I love an album that ends with a bang – and Swans’ To Be Kind ends with four.
By Austen R Walsh
First, Some History:
Frankly, I could go on and on about Swans. Since frontman Michael Gira assumed the handle in 1982, he and his numerous bandmates have crafted some of my very favorite albums – ones I feel are among the most important in rock history. They were the progenitors of an astonishing no-wave and post-industrial sound on their early LPs, at its most intense and ear-scorching on sophomore effort Cop in 1984, then at its most refined on their 1987 breakthrough Children of God. During this period, Swans also established a name for itself as one of the most aggressively loud and noisy live shows you could hope (or maybe not) to see.
But in the studio the group mellowed a bit, going in a sort of neo-folk direction for their next few records. It was a surprisingly fruitful transition, suiting the weathered vocals Gira had developed by that point (most likely a respite from his earlier throat-searing groans). Then, in the mid-90’s the group, whose only consistent members had been Gira and his partner Jarboe, gave birth to a cinematic style of post-rock that would become more popular at the start of the 2000s, influencing such acts as Godspeed You! Black Emperor and Sigur Rós. Gira decided to retire the Swans name after putting out two art-rock masterpieces — The Great Annihilator and Soundtracks for the Blind. What a way to end such a remarkably consistent career!
But in 2010, 14 years after dissolving Swans, Gira decided to revive the band as a sextet and put out its 11th record, My Father Will Guide Me up a Rope to the Sky. Some were skeptical, questioning why this album bore the Swans name because its material somewhat resembled Gira’s side project Angels of Light. Granted, for a Swans record it contained the folk rock elements of the former and proffered some uncharacteristically pretty moments. But there were also plenty of forceful elements as well, such as the disc’s crushing and sprawling intro to “No Words/No Thoughts” and the penultimate song “Eden Prison.” For me, Swans’ music provided a cathartic experience that I don’t expect any other band to deliver; I got that epiphany from Rope to the Sky, so I was not as worried as some critics were about the revival.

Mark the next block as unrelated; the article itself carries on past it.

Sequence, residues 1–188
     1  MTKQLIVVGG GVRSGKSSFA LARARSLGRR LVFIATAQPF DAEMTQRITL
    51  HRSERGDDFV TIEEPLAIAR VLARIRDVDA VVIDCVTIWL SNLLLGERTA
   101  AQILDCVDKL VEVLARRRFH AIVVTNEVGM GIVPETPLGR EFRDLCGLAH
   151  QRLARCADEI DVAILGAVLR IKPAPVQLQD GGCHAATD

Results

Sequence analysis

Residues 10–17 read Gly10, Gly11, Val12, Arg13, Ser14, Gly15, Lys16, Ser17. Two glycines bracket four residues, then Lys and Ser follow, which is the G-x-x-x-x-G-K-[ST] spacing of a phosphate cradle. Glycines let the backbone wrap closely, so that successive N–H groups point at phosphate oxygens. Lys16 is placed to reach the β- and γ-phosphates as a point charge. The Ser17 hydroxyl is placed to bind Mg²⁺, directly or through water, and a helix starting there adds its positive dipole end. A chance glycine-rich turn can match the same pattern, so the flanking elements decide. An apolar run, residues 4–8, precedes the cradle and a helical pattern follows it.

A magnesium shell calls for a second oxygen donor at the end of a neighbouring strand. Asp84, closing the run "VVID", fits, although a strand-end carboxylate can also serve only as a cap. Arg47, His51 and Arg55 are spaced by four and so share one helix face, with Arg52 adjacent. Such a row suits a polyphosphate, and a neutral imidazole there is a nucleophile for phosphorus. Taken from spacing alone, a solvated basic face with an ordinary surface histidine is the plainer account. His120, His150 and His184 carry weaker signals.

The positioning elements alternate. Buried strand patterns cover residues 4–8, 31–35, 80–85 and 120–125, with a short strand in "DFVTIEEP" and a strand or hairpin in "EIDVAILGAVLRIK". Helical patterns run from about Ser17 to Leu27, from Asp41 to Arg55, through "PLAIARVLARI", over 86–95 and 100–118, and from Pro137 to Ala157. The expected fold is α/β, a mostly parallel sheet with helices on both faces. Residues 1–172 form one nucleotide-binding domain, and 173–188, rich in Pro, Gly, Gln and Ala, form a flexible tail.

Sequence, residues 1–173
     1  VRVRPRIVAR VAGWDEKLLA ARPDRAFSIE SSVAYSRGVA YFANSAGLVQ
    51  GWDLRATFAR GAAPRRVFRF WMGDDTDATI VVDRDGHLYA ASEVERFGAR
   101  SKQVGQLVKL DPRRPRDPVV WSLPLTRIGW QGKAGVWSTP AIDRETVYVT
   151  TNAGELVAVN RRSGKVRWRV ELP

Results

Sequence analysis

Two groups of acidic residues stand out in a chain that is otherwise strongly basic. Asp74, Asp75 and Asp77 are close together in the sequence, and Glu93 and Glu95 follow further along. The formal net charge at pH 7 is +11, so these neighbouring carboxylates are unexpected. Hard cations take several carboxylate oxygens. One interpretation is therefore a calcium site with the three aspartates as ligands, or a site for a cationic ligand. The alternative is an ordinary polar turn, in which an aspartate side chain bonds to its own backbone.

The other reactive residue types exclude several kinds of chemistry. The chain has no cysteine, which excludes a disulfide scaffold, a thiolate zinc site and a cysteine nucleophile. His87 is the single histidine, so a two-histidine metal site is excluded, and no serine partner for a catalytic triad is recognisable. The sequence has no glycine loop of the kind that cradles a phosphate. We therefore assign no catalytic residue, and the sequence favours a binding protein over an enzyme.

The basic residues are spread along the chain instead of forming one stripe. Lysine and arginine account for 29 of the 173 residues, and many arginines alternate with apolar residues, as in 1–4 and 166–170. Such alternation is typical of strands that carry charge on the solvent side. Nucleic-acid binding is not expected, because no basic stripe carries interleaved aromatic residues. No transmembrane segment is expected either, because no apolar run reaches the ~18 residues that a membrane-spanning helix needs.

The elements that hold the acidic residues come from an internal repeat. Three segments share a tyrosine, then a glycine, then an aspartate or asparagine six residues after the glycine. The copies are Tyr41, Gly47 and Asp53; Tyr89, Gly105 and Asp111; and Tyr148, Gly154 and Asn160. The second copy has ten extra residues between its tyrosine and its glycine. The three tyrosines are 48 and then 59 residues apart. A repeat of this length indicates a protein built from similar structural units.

Skeptics were won over with 2012’s The Seer, a two-hour-long double-album of some of the most dismal music you’ll ever hear. And people loved it, making the LP one of the most critically acclaimed of the year. There was no way someone could listen to songs like “Mother of the World” or “The Apostate” and feel as though Gira and company were half-assing this “Swans Mk. II” thing. They were doing exciting work with improvisation and repetition, and at times they sounded more ferocious than ever – no doubt the end of the world will sound like “93 Ave. B Blues.” I got to see them live in support of the album, and earplugs remain essential for their shows.
To Be Kind Review:
Being crushed by sound waves must be addictive, because I cannot wait to see the band again (at Royale Boston on May 17th). That might also have something to do with this latest LP, To Be Kind, which is high in the running for Swans’ most impressive outing yet. Everything that made The Seer great has been amped up here: the scope, the improvisation, the repetition, the guest artists, and the widening instrumental palette. Moreover, while The Seer wasn’t all there in terms of its songwriting, To Be Kind is considerably more vocal-oriented, with a greater emphasis placed on the lyrics.
All this is evident from the opener, “Screen Shot,” a testament to these six men’s chops at building a groove. They take an ‘everything-and-the-kitchen-sink’ approach to the tune’s initially simple and bare bass groove. The guitars and lap steel grow progressively louder and more intrusive; the percussion becomes more frenetic; a low synth sequence enters the picture and waves to-and-fro, as does an escalating piano phrase; these elements explode into a jubilee towards the end of the eight-minute runtime. My favorite moment is when a glockenspiel makes a brief cameo, punctuating the line “no knife/no mind.” To Be Kind is one of those albums in which each listening offers new revelatory details.